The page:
A recent Law 360 story by Caleb Drickey, “7th Circ. Upholds Teacher’s Win In FMLA Suit” reports that the Seventh Circuit upheld a pair of lower courts' decisions to declare that a Wisconsin governmental entity violated the Family and Medical Leave Act by de facto demoting a concussed teacher, and to grant her attorney fees for her bench trial victory. In a published opinion, a three-judge panel ruled that the lower court was within its authority to issue a damages-free declaration that the Cooperative Educational Service Agency 5 violated the FMLA by taking away teacher Sarah Simon's work responsibilities after she returned from medical leave. The panel further held that the law mandated the payment of attorney fees in the case of a judgment in favor of workers.
"If this case involved an accomplished neurosurgeon returning from leave to a position that required only tracking the hospital's inventory, we doubt that anyone would question whether the surgeon suffered prejudice," U.S. Circuit Judge Thomas Kirsch said on behalf of the panel. "Simon … suffered harm for which the FMLA provides a remedy."
The opinion stems from the Cooperative's retraction of Simon's job responsibilities after she returned to work in the wake of a workplace concussion. Although the Cooperative, which provides staff and equipment to 35 school districts in the state, maintained Simon's previous salary, a district court found that Simon's effective demotion to a support staffer prejudiced her, and it granted her a declaratory judgment and roughly $60,000 in attorney fees after a bench trial.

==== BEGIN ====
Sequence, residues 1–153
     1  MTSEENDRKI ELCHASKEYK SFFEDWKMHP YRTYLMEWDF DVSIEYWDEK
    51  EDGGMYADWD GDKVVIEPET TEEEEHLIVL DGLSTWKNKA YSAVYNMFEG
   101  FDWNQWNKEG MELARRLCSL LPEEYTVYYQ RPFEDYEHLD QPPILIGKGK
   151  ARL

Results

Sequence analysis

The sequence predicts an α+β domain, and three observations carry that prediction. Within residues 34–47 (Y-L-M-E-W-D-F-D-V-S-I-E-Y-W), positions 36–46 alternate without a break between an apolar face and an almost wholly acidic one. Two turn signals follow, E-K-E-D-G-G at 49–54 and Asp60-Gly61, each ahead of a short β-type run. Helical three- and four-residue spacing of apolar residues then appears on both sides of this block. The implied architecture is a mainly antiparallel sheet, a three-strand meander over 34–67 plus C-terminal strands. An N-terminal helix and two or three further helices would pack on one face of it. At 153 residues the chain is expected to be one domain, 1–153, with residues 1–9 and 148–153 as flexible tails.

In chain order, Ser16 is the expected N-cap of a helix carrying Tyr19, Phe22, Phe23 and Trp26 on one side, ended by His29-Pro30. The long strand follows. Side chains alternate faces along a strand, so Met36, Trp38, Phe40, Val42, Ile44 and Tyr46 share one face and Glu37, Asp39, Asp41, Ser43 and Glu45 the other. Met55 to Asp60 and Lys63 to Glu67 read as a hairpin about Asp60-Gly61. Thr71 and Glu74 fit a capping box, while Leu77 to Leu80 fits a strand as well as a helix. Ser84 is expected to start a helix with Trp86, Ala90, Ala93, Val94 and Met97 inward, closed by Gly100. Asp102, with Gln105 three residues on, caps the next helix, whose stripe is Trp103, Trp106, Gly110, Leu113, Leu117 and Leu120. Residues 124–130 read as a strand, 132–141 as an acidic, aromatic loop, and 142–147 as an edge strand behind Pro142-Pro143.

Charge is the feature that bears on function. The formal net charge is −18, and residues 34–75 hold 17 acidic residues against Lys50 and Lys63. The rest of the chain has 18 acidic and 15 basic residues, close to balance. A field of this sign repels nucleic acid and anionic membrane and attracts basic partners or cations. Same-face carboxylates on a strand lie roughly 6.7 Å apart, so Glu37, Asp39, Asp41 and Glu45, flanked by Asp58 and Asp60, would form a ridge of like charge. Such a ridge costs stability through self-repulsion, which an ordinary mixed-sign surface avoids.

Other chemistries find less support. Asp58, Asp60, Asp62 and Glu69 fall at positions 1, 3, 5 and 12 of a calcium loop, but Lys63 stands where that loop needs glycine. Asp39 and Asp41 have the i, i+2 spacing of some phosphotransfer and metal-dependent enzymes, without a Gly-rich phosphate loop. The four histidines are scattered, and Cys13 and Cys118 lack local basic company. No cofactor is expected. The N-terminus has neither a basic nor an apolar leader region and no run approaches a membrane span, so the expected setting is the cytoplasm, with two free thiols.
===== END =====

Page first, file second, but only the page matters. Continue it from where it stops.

The panel ruled that a court-issued declaration of FMLA violations absent any monetary damages or injunctions to re-hire Simon, who has since taken another job, was within scope of the relief promised by the law. The FMLA authorized courts to dispense "equitable relief," an undefined term that courts have interpreted to encompass binding orders to hire or promote workers.
The authority to grant declaratory judgments, the panel therefore concluded, could reasonably be inferred. "It would make little sense for the FMLA to permit courts to grant these heavy-handed remedies yet bar them from using a lighter touch through entry of a declaratory judgment," the panel held.
The panel also affirmed the lower court's finding that the Cooperative prejudiced and harmed Simon even without suffering any cuts to her pay or benefits. Citing the U.S. Supreme Court's 2002 decision in Ragsdale v. Wolverine World Wide Inc. , the panel held that the demotion of workers returning from medical leave to positions for which they were overly qualified caused injury.
The Commission's remission of Simon's ability to plan lessons and lead classes, the panel therefore concluded, unfairly created a gap in her resume, prejudiced her, and put her employer on the hook for remedies including declaratory judgments and the payment of attorney fees.
The panel affirmed the lower court's separate order of a $59,773.62 attorney fee bill, too. That fee bill was not an improper imposition of punitive damages, the panel ruled, but was required by the text of the FMLA in the case of a judgment in favor of workers. "The district judge merely applied the FMLA as written, which expressly requires attorney's fees after a judgment entered in the plaintiff's favor," the panel held.